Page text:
Session 42 - Structure and Evolution of The Universe.
Display session, Tuesday, June 09
Atlas Ballroom,

## [42.06] A Comparison of Simple Mass Estimators for Galaxy Clusters

T. G. Brainerd, C. M. Oaxaca (BU)

High-resolution N-body simulations of rich clusters are used to investigate systematic trends in the cluster masses derived from three simple mass estimators: the weak gravitational lensing shear field under the assumption of circular symmetry and an isothermal cluster potential, (2) the dynamical mass obtained from the radial velocity dispersion under the assumption of an isothermal cluster potential, and (3) the classical virial estimator. The clusters were extracted from simulations of a standard cold dark matter universe at z=0.5 and consist of order 2\times 10^5 to 3\times 10^5 particles of mass m_p = 10^10 M_ødot. The degree of agreement between the true masses of the clusters (known a priori from the simulations) and the masses obtained from the various estimators is a function of physical scale.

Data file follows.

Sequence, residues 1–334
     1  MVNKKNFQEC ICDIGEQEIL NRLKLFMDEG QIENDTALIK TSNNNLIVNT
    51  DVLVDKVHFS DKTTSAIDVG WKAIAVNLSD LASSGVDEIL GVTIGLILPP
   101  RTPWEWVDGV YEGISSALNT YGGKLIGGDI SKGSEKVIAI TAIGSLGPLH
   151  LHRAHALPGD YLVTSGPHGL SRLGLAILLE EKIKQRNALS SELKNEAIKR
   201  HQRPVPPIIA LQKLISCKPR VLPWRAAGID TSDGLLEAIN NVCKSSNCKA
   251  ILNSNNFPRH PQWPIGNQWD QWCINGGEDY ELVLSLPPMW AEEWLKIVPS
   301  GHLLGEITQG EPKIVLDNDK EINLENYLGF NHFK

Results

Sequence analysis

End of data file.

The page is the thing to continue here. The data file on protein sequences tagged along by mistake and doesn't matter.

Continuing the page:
On scales less than 0.5 Mpc, the masses obtained from the weak lensing analysis are systematically lower than the true masses of the clusters. Both the 2-dimensional, projected mass and the 3-dimensional contained mass are underestimated by \sim 35%. The masses obtained from the radial velocity dispersion under the assumption of an isothermal potential fare better, underestimating the projected mass by \sim 20% and the 3-dimensional mass by only \sim 10%. By contrast, the classical virial estimator overestimates the 3-dimensional mass on this scale by as much as 80%.

On scales comparable to the edges'' of the clusters (defined to be the radius inside which the mean interior overdensity is equal to 200), the lensing analysis underestimates the total 3-dimensional mass by \sim 10% but overestimates the total projected mass by \sim 50%. The isothermal dynamical mass estimator underestimates the total 3-dimensional mass by \sim 35% and the projected total mass by \sim 15%. The classical virial estimator underestimates the total 3-dimensional mass of the clusters by only \sim 10%.